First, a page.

Students at Kabanga Protectorate Center (Tanzania), a Palmer Foundation grantee and refuge for children with albinism

Peter Lischick, current treasurer and member of the board of directors of The Palmer Foundation, is one such next generation board member. The Palmer Foundation turns 25 next year and has been in existence nearly all of Peter’s life. Like many family foundations, its early structure was relatively informal and reflected the annual giving and interests of its founders, Peter’s great-grandparents. When the foundation’s assets were fully vested, his grandmother took over leadership of the foundation and his mother and other members of her generation joined the board. They set out to involve the next generation at a young age.

When Peter was nine or ten years old, he joined his two brothers and a cousin on a junior board. “I served as the vice president by virtue of being the second oldest of the group. Our parents kept the board very structured, and taught us about Roberts Rules of Order, sourcing and evaluating grant proposals, and conducting discussions in a respectful and productive manner,” he says.

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How Your Generation Influences Your Giving

By Janice Simsohn Shaw, Exponent Philanthropy

The manager, a Baby Boomer, wants to schedule a meeting where she can sit across the table from her employees and discuss the latest project. Her longtime staff member from the World War II generation is ready to go, looking to share stories about what used to work well for the company. Her Millennial employees, meanwhile, have been bombarding her with e-mails sent while they are out picking up their dry cleaning and running home to feed their dog. They have questions about the project and want instant feedback on the work they’ve done so far….And that’s without adding in the Generation Xers who would rather nix the meeting entirely so they can actually work on their piece of the project. —Jennifer Gish/Women@Work, Times Union, August 27, 2012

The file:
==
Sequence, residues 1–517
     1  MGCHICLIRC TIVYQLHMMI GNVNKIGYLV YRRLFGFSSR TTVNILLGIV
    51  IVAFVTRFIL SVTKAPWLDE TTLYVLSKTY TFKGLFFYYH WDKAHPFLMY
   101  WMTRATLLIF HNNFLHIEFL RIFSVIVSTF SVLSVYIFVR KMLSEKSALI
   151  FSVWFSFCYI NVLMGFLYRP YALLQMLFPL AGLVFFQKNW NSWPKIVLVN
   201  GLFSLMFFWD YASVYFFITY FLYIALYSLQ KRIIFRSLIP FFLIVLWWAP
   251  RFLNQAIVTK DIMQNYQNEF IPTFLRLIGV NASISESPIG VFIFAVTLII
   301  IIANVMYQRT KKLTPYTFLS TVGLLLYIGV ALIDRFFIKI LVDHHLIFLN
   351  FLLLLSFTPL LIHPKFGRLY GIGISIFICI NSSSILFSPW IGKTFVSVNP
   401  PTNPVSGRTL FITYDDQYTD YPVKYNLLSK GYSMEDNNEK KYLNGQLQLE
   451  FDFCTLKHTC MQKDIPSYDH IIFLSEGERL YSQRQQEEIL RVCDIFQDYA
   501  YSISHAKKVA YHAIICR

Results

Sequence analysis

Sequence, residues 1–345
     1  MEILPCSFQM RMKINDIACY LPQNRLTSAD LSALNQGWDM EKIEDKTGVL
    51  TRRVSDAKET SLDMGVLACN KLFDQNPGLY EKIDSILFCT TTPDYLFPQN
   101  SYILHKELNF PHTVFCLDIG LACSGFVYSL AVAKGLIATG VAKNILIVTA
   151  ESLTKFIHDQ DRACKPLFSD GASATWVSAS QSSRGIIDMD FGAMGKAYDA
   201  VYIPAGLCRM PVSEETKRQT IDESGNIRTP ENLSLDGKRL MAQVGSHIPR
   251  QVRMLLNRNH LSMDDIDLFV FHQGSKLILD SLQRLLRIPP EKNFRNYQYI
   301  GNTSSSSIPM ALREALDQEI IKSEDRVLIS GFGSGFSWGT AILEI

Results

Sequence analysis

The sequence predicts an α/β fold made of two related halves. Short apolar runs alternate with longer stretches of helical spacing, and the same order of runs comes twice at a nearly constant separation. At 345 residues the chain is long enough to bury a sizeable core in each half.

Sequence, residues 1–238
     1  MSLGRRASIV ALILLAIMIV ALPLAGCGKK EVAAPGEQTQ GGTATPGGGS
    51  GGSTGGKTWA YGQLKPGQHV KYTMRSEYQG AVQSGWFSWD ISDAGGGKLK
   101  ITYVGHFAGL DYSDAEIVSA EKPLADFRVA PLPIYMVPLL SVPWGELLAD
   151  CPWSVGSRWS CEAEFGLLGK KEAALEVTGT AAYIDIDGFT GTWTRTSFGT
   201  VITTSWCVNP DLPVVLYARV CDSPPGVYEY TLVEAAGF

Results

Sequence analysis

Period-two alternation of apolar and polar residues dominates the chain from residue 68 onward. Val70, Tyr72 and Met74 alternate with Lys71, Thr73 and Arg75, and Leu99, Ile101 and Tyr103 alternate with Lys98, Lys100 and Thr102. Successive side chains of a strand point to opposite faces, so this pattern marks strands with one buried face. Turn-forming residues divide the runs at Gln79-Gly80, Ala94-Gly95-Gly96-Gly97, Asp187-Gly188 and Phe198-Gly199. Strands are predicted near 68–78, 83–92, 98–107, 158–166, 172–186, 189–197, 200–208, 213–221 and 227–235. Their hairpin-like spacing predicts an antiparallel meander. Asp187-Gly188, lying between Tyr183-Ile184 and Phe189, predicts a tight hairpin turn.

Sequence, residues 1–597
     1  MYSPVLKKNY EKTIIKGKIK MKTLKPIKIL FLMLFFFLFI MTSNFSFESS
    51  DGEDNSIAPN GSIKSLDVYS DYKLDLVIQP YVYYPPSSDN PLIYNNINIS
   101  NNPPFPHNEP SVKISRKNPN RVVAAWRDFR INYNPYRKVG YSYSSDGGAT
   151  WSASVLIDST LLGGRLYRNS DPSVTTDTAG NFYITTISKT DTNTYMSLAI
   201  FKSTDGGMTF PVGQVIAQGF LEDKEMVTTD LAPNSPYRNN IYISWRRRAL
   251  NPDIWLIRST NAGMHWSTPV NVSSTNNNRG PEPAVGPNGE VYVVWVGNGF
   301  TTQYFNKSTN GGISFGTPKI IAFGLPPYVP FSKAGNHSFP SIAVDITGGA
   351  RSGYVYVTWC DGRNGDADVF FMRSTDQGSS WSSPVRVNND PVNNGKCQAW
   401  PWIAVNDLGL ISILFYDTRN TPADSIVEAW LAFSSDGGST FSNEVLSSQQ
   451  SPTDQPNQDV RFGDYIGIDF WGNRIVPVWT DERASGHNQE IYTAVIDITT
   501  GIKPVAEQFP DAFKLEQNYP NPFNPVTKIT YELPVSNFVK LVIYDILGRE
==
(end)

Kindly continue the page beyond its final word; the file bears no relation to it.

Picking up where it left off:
Sound familiar? Today’s philanthropic sphere isn’t so different—up to four generations aiming to work together, with the potential for success as well as frustration. Add family to the mix, and the stakes are even higher.

Much has been written about how to engage the next generation in giving, but less has been written about how to engage across generations—about how multiple generations, young and old, can better understand one another, communicate, learn, and explore giving together.

Considering generational personalities is one way to improve our understanding of one another. As Lynne Lancaster and David Stillman write in When Generations Collide, “The events and conditions each of us experience during our formative years determine who we are and how we see the world.”

At Exponent Philanthropy, we’ve had powerful conversations with those engaged in family philanthropy. At conferences, when grouped by generation, participants often realize that, regardless of political, socioeconomic, or religious background, there is deep commonality among those who simply grew up at the same time. Participants also come to realize that some characteristics they see in their family members aren’t unique traits but a product of their generations.

Peruse the chart below. See yourself reflected in your generation? What about others involved in your giving? How might understanding your generational experiences inform how you give—and work—together?

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Voices of Philanthropy’s Next Generation

By Stephen Alexander, Exponent Philanthropy

“We need to hear from them, in their own voices. We need to know who these next gen major philanthropists are, and who they are becoming.” #NextGenDonors

As a Millennial, I spend a lot of time with, well, Millennials. It makes sense—this is my peer group. Millennials in the philanthropic and nonprofit spaces are generally upbeat, thoughtful, engaged, bright, and eager to act despite seemingly gargantuan economic, political, and cultural hurdles before us.

Recently, I started engaging with nonprofit networks and organizations run by Millennials—powerful forces being driven by motivated, charismatic individuals. Groups include Exponent Philanthropy’s very own network of Next Gen Fellows; DC chapters of Young Nonprofit Professionals Network, Emerging Practitioners in Philanthropy, and Net Impact; and local giving circles NextGenNow and Capital Cause.

I’ve also been paying particular attention to the uptick in my generation’s media attention, including a blog post by Exponent Philanthropy’s own Andy Carroll. As I sift through my collection of media, here are a few poignant statements that resonate with me:

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Build a Pipeline of Philanthropic Talent

By Janice Simsohn Shaw, Exponent Philanthropy

What keeps our members up at night? Succession, or the crucial task of passing the leadership baton.

Building a pipeline of philanthropic talent to assume key leadership roles—on the board, on staff, or otherwise—is one great way to prepare for succession. Through our Next Gen Fellows Program, a 6-month training intensive for philanthropy’s future leaders, we’ve been lucky enough to have a window onto what readies the next generation for great work in the field.

Here are a few recommendations.

Find a Community of Peers

Philanthropy can be a lonely enterprise, and particularly so for young people. Luckily, there are great ways to connect locally and nationally with young people involved in giving.